A marlinspike (/ˈmɑːrlɪnspk/, sometimes spelled marlin spike, marlinespike, or [archaic] marlingspike) is a tool used in marine ropework. Shaped in the form of a polished metal cone tapered to a rounded or flattened point, it is used in such tasks as unlaying rope for splicing, untying knots, drawing marline tight using a marlinspike hitch, and as a toggle joining ropes under tension in a belaying pin splice.

A typical marlinspike with lanyard

Marlinspikes are usually about 6–12 inches (15–30 cm) long, but may reach 2 feet (61 cm) or more when used for working heavy cables and ropes. They are usually made from iron or steel, whereas fids, similar in shape and function, are formed from wood or bone. The marlinspike may be a separate tool or one item on a pocket knife.

Sailors who become proficient at knot tying, splicing, and sewing using the marlinspike are said to have mastered marlinespike seamanship, earning them the right to be known as marlin spikes or marlinspike seamen.


Marlinspike with integral shackle key, shown with marlinspike hitch attached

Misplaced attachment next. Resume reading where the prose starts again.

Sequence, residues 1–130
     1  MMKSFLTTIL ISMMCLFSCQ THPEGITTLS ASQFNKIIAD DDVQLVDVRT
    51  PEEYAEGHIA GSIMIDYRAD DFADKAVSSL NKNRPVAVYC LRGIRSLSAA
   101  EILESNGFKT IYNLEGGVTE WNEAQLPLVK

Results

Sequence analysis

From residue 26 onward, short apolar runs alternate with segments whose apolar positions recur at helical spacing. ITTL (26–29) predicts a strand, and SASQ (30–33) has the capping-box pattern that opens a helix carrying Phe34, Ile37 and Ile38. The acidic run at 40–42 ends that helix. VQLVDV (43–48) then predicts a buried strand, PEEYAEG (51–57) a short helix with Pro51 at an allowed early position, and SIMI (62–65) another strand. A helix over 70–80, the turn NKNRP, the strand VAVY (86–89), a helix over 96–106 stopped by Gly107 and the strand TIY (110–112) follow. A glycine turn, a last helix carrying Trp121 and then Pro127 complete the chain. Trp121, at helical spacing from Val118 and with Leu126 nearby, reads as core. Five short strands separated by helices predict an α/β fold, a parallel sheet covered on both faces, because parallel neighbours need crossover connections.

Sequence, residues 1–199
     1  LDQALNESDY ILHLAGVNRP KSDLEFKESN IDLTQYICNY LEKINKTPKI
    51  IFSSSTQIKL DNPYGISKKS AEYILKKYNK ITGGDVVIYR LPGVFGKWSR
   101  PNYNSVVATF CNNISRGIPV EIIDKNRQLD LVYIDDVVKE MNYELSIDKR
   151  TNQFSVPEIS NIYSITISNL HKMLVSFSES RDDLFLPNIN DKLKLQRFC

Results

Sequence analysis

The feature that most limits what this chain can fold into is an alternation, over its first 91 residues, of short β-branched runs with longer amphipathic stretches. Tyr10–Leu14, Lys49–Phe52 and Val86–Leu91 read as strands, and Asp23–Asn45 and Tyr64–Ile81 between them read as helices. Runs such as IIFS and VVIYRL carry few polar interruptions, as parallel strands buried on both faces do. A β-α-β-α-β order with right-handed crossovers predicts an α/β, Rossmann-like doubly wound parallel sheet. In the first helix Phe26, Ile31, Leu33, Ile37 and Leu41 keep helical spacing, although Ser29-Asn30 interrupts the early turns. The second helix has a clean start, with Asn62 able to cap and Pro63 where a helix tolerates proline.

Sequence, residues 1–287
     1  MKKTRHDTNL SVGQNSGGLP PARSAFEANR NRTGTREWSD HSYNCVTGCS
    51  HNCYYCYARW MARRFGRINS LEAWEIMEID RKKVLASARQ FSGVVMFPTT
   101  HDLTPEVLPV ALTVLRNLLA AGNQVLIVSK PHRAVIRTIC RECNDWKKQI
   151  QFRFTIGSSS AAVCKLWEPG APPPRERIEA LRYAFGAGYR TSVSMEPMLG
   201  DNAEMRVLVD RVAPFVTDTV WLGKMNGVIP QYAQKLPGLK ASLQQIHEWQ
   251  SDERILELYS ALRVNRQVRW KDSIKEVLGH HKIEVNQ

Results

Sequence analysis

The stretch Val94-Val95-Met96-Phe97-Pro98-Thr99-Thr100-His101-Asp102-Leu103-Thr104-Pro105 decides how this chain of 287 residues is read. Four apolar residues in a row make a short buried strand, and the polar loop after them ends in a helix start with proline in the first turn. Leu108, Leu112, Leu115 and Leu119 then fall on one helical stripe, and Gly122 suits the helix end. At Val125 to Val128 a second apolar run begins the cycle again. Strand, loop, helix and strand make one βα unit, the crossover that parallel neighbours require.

Marlinspikes are used:

  • As levers to open strands of laid rope when forming eyes or inserting items into the lay.
  • To untie knots that have tightened under tension.
  • As a lever or handle to tension marline or rope using a marlinspike hitch, much tighter than by gripping the line with the hand alone.
  • As an improvised weapon against hostile boarding parties.


Marlinspike derives from the practice of "marling", winding small diameter twine called marline around larger ropes to form protective whippings.[1] The long-billed fish marlin is thought to be named after the marlinspike.[2]

See alsoEdit


  1. ^ "marlinespike". Unabridged (v 1.1), Based on the Random House Unabridged Dictionary. 2006.
  2. ^ Douglas Harper (November 2001). "marlin". Online Etymological Dictionary.